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3. Jacqueline Novogratz – As the founder of Acumen Fund, Novogratz’s leading with a unique approach to solving global poverty. The businesses that Acumen has invested its patient capital in are providing millions of people with affordable services for healthcare, clean water and energy, and housing.


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4. Bill Gates – Through the Bill & Melinda Gates Foundation and his promotion of the Giving Pledge, Gates has led a movement of philanthropists making big bets and big commitments of wealth for social good. He’s working to eradicate polio and to improve education and global health. Not to mention that he inspires countless entrepreneurs and technologists.


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5. Rangita de Silva de Alwis – Rangita de Silva de Alwis directs the Women in Public Service Project launched by Secretary Clinton and the Global Women’s Leadership Initiative at the Woodrow Wilson International Center for Scholars. The WPSP at the Wilson Center has now grown to affiliate with over 75 partners including government entities, academic institutes, and multilaterals around the world.


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6. Ruth Messinger – Ruth Messinger is President and CEO of American Jewish World Service. Through AJWS, Messinger advocates for human rights and works to end poverty in the developing world. AJWS supports grassroots organizations around the world, and helps communities protect local resources and recover from conflict.


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7. Maggie DoyneMaggie Doyne  built and leads the Kopila Valley Children’s Home and School in Surkhet, Nepal, which she founded during a year of travel after graduating high school. Doyne encourages young people to volunteer and inspires them to make service personal. She is a Do Something Award winner.


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8. Malala Yousafzai – Malala Yousafzai is a Pakistani activist for women and education. She has overcome being banned from her school, death threats, and an assassination attempt, to champion the right of all children to an education.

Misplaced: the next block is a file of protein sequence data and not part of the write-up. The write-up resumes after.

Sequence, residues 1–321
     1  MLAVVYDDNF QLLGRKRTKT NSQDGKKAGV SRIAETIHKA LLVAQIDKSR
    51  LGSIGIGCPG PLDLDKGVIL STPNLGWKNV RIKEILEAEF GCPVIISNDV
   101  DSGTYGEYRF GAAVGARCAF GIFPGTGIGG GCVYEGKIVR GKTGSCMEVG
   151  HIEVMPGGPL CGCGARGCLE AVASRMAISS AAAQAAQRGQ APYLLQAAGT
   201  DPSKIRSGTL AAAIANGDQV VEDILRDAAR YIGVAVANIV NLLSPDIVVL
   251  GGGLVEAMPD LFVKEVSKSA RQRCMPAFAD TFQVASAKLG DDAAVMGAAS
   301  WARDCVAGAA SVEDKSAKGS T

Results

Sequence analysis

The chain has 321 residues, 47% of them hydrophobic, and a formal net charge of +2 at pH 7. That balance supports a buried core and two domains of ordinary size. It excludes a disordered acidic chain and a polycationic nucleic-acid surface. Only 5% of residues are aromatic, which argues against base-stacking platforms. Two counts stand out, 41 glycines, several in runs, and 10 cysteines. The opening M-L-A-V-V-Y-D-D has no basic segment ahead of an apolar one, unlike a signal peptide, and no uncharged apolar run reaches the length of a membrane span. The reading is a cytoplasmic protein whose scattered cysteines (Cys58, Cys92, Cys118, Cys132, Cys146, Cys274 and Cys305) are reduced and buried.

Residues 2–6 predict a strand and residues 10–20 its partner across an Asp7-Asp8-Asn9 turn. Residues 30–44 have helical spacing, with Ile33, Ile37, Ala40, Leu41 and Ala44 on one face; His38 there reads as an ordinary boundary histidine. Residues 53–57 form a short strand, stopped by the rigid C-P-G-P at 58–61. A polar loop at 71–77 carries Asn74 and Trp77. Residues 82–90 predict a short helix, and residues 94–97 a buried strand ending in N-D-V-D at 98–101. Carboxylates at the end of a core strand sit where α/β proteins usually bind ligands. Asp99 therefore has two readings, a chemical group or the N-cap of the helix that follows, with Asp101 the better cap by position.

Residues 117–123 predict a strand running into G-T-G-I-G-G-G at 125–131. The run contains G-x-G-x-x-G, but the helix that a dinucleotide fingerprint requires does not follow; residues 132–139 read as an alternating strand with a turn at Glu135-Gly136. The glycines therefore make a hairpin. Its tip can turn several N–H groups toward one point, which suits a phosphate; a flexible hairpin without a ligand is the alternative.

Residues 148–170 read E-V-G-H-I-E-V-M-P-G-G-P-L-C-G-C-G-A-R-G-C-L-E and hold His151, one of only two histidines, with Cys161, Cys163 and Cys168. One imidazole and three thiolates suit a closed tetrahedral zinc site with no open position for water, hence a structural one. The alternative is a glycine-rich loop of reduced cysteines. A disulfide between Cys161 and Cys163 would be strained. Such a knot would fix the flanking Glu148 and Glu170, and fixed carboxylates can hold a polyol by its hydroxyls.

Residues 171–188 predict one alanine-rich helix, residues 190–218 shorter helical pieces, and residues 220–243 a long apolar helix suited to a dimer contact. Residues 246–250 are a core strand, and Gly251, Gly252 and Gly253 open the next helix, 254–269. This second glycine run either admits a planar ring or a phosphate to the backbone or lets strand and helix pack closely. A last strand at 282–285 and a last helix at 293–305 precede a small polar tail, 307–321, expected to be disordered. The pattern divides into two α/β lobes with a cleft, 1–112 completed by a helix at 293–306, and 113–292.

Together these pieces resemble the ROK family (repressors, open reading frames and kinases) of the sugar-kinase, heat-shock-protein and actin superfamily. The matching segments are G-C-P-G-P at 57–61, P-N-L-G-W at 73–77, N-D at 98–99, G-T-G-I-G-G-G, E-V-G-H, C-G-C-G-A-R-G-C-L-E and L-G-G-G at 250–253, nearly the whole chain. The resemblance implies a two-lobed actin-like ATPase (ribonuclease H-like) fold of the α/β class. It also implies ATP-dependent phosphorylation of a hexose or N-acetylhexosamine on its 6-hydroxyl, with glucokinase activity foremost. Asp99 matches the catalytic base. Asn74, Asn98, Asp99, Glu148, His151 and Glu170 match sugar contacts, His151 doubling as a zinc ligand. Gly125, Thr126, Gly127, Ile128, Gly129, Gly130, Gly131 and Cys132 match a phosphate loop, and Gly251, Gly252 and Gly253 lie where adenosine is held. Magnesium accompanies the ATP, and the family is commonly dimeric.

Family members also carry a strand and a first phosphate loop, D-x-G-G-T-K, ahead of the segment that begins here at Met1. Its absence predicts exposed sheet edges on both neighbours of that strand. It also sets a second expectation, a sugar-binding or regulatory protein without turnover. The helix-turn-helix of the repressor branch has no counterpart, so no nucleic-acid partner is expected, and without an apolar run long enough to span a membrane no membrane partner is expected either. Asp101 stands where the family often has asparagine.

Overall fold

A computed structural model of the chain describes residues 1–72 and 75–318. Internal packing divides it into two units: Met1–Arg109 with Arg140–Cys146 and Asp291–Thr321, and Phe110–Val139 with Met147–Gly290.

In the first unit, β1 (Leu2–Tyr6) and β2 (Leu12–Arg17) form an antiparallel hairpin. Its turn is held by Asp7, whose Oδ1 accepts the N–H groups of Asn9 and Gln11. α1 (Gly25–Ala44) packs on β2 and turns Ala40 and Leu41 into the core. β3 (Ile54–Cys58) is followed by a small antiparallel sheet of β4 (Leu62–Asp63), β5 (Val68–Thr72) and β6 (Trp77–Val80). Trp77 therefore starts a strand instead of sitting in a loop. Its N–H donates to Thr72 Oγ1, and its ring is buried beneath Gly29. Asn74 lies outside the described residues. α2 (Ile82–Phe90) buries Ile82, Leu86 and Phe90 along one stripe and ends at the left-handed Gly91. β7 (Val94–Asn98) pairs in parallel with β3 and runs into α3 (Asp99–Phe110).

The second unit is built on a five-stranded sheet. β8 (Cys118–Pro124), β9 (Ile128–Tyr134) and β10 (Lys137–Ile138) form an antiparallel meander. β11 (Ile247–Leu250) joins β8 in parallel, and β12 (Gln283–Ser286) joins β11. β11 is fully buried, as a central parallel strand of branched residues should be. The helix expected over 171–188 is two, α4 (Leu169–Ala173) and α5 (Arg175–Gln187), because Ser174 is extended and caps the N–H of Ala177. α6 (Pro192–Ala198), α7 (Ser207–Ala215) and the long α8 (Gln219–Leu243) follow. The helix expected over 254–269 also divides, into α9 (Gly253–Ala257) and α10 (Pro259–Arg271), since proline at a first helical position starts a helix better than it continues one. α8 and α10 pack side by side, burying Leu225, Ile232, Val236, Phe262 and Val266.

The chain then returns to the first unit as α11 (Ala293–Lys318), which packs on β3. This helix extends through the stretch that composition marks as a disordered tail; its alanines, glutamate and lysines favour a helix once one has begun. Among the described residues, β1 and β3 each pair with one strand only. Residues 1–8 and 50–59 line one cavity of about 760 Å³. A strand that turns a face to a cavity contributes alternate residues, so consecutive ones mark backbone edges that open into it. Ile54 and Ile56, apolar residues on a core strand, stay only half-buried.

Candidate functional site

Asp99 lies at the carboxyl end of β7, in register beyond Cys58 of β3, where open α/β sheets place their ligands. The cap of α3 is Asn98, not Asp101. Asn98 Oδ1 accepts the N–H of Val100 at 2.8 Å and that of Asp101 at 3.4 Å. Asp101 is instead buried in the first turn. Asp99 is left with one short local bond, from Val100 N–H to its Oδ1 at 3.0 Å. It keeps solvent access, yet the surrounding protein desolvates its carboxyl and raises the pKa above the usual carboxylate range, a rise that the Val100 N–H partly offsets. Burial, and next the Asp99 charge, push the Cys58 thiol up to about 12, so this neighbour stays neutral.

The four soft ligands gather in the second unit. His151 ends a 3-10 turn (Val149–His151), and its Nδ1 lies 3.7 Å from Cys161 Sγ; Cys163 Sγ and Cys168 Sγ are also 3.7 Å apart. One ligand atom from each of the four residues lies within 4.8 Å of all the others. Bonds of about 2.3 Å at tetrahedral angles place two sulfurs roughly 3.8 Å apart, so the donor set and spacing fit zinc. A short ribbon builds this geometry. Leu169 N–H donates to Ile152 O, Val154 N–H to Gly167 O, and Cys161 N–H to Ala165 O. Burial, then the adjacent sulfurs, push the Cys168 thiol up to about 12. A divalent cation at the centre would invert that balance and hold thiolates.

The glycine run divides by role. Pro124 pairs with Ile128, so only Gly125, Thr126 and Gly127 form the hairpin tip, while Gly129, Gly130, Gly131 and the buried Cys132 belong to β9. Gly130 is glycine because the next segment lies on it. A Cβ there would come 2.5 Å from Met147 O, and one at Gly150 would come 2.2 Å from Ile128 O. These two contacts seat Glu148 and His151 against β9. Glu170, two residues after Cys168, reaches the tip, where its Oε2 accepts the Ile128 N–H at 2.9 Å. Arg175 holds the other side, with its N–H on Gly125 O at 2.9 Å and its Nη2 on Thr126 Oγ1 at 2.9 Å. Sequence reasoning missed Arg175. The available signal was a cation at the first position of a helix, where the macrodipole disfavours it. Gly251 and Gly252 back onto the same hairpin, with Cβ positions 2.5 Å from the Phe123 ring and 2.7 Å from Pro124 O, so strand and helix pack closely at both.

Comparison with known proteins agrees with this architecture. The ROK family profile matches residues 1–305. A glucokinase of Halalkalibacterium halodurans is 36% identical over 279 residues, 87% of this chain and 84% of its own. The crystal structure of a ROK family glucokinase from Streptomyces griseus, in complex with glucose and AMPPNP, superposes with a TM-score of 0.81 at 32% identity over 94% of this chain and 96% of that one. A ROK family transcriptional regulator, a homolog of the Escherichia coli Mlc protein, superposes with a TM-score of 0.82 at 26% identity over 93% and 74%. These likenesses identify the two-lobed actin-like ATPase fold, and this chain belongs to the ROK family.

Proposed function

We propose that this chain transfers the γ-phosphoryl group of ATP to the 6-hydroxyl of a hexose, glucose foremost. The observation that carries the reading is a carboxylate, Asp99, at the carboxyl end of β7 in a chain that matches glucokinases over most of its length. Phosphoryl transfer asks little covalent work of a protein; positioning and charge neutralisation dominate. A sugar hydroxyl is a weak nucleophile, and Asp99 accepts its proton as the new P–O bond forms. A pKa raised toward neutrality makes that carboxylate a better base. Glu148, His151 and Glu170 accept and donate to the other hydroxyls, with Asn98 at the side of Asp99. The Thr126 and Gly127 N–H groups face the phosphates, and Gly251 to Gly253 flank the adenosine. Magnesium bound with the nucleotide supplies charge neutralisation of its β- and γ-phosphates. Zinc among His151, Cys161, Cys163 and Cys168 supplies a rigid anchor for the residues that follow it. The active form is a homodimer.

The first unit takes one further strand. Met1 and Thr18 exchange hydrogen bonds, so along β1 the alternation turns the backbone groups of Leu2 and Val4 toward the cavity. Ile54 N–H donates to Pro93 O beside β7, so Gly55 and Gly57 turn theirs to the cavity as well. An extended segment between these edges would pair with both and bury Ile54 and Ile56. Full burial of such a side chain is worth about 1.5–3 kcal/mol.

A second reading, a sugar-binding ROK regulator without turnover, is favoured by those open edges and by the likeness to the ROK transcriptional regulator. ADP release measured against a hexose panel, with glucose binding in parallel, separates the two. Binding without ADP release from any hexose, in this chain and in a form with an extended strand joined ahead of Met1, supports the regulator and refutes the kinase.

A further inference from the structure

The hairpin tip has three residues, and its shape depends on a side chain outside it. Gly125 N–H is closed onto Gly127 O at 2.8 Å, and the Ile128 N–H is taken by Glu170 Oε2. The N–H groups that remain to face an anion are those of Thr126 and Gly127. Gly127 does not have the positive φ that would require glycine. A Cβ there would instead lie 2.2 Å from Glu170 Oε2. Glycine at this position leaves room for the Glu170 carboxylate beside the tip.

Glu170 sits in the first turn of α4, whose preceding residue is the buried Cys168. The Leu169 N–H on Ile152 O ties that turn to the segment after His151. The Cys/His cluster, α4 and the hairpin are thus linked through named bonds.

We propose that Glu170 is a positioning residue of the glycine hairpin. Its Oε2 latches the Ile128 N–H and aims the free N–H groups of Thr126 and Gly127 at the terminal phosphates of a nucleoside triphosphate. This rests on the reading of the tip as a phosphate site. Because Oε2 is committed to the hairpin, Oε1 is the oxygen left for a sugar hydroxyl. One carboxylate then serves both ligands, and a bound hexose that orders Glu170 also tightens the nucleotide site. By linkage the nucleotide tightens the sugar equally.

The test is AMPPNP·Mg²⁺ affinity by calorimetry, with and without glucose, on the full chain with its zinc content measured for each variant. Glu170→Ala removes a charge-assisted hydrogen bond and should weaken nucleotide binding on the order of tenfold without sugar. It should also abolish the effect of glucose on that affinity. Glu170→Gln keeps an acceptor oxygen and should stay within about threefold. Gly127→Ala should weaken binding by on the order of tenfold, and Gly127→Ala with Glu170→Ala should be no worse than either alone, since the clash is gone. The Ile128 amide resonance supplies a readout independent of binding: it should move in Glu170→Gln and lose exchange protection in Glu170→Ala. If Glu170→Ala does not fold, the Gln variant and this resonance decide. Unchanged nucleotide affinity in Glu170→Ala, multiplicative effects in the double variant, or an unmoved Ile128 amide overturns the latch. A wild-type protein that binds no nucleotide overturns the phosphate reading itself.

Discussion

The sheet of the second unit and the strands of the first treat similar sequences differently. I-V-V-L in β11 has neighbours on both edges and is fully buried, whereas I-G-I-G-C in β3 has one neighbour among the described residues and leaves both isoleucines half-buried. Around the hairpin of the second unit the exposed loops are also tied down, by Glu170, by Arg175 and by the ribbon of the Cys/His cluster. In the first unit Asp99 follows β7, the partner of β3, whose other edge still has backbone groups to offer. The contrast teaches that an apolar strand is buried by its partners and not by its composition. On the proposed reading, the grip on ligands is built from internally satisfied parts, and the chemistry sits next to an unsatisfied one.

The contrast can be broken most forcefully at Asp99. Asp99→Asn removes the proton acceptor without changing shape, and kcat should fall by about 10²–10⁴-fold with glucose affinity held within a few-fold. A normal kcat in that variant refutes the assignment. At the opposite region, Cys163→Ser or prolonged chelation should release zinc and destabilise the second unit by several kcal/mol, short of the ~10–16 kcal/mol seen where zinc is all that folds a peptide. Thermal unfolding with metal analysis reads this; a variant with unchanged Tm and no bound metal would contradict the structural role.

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9. Sal Khan – Sal Khan founded the Khan Academy, whose goal is to change education for the better by providing free world-class education for anyone anywhere. Khan has produced more than 4,300 video lessons teaching a wide spectrum of academic subjects, mainly focusing on mathematics and the sciences. In 2012, Time named Salman Khan in its annual list of the 100 most influential people in the world.


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10. Majora Carter – Majora Carter redefined the field of environmental equality, starting in the South Bronx. Now she’s leading the local economic development movement across the US. Carter was awarded a 2005 MacArthur “genius” grant,and advocates for eco-friendly practices (such as green and cool roofs) and, equally important, job training and green-related economic development. Carter has formed the economic consulting and planning firm, the Majora Carter Group.

11. Roya Mahboob – Roya Mahboob is an Afghan entrepreneur and businesswoman. She founded and serves as CEO of the Afghan Citadel Software Company, a full-service software development company based in Herat, Afghanistan. She has received attention for being among the first IT female CEOs in Afghanistan, where it is still relatively rare for women to work outside the home. Roya was named one of TIME Magazine’s 100 Most Influential People In The World for 2013 for her work in building internet classrooms in high schools in Afghanistan and for Women’s Annex, a multilingual blog and video site hosted by Film Annex.


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What other change makers inspire you, and who would you add to this list?